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Price discrimination is the practice of selling identical goods or services at different prices from the same provider.

In pure price discrimination, the seller will charge the buyer the absolute maximum price that he is willing to pay.

The goal of price discrimination is for the seller to make the most profit possible.

Although the cost of producing the products is the same, the seller has the ability to increase the price based on location, consumer financial status, product demand, etc.

An example of price discrimination would be the cost of movie tickets.

Prices at one theater are different for children, adults, and seniors.

The prices of each ticket can also vary based on the day and chosen show time.

Ticket prices also vary depending on the portion of the country as well.

Industries use price discrimination as a way to increase revenue.

It is possible for some industries to offer retailers different prices based solely on the volume of products purchased.

Price discrimination can also be based on age, location, desire for the product, and customer wage.

What is price discrimination?

The most basic definition of price discrimination is the act of charging different prices for identical items.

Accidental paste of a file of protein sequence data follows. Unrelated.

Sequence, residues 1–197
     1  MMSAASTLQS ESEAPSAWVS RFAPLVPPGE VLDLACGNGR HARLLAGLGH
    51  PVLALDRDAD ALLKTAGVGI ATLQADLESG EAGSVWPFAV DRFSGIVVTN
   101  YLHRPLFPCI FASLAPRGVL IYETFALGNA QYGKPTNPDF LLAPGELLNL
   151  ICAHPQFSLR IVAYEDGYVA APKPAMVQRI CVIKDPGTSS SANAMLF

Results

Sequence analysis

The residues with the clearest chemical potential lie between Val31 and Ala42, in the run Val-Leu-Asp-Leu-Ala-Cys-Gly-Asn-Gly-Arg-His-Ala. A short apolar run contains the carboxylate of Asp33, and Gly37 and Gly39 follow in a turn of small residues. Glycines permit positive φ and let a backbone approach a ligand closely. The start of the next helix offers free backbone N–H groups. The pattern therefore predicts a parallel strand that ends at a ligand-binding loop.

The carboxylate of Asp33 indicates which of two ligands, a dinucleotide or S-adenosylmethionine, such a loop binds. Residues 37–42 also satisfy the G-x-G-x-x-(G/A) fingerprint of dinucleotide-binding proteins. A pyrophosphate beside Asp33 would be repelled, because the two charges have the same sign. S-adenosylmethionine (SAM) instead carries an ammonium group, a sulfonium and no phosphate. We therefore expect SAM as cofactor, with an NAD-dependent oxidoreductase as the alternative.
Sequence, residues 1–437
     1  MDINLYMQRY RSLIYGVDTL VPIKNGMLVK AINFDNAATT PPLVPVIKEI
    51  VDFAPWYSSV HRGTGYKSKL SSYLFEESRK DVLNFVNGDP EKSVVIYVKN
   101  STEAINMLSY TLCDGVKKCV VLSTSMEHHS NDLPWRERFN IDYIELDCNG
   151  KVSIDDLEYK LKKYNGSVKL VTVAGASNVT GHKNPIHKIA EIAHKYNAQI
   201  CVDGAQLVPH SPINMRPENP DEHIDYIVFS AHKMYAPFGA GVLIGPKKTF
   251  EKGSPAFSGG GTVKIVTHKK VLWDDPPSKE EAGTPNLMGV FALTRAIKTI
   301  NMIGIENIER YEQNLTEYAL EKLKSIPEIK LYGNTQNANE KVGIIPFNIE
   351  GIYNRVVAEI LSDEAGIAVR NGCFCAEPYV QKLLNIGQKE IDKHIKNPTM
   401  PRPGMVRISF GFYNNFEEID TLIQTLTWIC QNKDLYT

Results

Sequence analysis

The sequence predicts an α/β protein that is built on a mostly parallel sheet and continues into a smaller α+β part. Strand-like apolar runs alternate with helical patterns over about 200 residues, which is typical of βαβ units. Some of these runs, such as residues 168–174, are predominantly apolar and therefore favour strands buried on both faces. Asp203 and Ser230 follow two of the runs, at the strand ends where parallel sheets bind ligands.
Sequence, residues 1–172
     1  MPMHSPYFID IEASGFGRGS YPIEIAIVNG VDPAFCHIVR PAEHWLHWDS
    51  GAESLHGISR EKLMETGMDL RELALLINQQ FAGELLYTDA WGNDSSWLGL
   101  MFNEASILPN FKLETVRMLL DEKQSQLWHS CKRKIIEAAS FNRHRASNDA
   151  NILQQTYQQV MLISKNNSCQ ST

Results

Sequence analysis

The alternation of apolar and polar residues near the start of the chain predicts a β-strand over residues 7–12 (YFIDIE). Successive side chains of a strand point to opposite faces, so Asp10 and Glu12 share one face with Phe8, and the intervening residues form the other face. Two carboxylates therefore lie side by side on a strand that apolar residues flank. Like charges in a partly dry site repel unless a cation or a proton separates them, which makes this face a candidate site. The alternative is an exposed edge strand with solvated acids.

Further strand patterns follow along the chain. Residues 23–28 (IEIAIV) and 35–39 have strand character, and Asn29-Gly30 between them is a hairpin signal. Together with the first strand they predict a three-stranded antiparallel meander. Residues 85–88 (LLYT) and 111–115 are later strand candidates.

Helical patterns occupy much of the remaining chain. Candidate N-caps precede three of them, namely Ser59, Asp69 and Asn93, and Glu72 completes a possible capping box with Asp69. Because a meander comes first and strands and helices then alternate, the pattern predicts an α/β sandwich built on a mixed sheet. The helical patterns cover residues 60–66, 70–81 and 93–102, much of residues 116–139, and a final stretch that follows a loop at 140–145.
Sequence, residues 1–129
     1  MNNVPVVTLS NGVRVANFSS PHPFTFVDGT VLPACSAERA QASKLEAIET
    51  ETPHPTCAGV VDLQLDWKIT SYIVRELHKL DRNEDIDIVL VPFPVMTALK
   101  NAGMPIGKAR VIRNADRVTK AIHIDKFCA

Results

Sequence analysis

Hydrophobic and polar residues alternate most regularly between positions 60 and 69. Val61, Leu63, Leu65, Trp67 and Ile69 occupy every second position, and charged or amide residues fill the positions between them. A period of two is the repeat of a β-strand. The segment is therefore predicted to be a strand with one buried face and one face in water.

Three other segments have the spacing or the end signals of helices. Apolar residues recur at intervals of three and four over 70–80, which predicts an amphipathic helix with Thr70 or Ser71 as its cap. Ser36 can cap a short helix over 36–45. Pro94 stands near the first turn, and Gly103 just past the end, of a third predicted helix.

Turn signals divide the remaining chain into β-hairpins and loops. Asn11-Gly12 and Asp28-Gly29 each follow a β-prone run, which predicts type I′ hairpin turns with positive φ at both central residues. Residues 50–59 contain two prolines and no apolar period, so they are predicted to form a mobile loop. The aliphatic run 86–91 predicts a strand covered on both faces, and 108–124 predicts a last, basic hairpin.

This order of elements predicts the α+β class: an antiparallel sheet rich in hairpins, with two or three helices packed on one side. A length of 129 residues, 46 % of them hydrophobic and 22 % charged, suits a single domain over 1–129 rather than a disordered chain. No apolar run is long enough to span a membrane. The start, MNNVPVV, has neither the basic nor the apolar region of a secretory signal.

Price discrimination is when a seller can charge different customers that are basically identical different prices in an attempt to extract as much profit as possible.

Business firms operating in competitive markets are not restricted to charging only one price for their product.

These firms may find that charging different customers different prices for a common product may actually increase the profits of the firm.

This charging of different prices for a particular good is known as Price Discrimination and is very common in various markets around the globe.

Price Discrimination Criteria

Within commerce, there are specific criteria that must be met in order for price discrimination to occur:

  • The firm must have market power.
  • The firm must be able to recognize differences in demand.
  • The firm must have the ability to prevent arbitration or resale of the product.

Types of Price Discrimination

Price discrimination is categorized into three types:

  1. First degree price discrimination: charging whatever the market will bear
  2. Second degree price discrimination: quantity discounts
  3. Third degree price discrimination: separate markets and customer groups

These three types all involve additional effort on the part of the firm to determine the preferences of different customers and their willingness to pay.

These efforts are justified by a greater level of profits relative to that which can be earned by charging a single price.

First Degree

This assumes that a seller knows the maximum price that every consumer is willing to pay.

In theory, this allows the seller to maximize profit with no deadweight loss since it creates a perfectly efficient market (in economic terms), although in practice this is difficult to observe.